use that word, is based on good faith towards Being, the choice to see
          it; therefore it turns on the will to see Being, to refuse ignorance,
          and to take responsibility for what we have seen. Beyond this, no
          proof is necessary, because truth depends on each individual's direct
          intuition: there is."

          "As we already know, one of the central themes of Sartrean bad faith
          is wanting to hide from or avoid the truth, or refusing to take
          responsibility for it. What matters in the Sartrean ethics of truth is
          not really intelligence, or rigorous proof, or reasoning, because in
          fact it is really not difficult to see what is. Granted, truth is
          never merely given to us, it takes work. But Sartrean truth still
          demands no explanation; without blinding ourselves through ignorance—a
          deliberate choice expressing a specific denial of reality for specific
          reason—we all would see reality."

          Mary
        • jimstuart51
          Mary, I really like these paragraphs summarizing Sartre s view of things. I agree with Sartre s account of how we can perceive things as they really are. Iris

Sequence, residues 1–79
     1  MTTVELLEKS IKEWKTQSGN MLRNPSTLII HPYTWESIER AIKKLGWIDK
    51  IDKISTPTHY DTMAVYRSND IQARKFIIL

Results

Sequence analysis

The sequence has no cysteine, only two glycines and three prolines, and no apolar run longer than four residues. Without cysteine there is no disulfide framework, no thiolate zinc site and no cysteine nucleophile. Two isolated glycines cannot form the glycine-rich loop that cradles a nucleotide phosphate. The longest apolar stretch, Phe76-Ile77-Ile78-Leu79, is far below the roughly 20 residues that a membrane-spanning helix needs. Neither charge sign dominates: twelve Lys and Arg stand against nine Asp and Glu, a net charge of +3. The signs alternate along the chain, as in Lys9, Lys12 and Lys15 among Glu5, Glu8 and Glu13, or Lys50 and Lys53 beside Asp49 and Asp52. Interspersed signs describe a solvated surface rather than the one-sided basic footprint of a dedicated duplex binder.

Message 4 of 11 , May 6, 2008
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            Mary,

            I really like these paragraphs summarizing Sartre's view of things.

            I agree with Sartre's account of how we can perceive things as they
            really are. Iris Murdoch was influenced by Sartre, and she argues
            that when our acting and observing are infused with the virtues of
            love and justice then we will see things objectively as they really
            are.

            So, we cannot prove to others that this is how things are – we just
            have to encourage others to be in the right frame of mind to observe
            the situation. And, of course, we have to be self-critical, asking
            ourselves if we are in the right frame of mind to see things as they
            truly are.

            I particularly like what Aronson writes in the last paragraph you
            quote:

            "What matters in the Sartrean ethics of truth is not really
            intelligence, or rigorous proof, or reasoning, because in fact it is
            really not difficult to see what is. Granted, truth is never merely
            given to us, it takes work. But Sartrean truth still demands no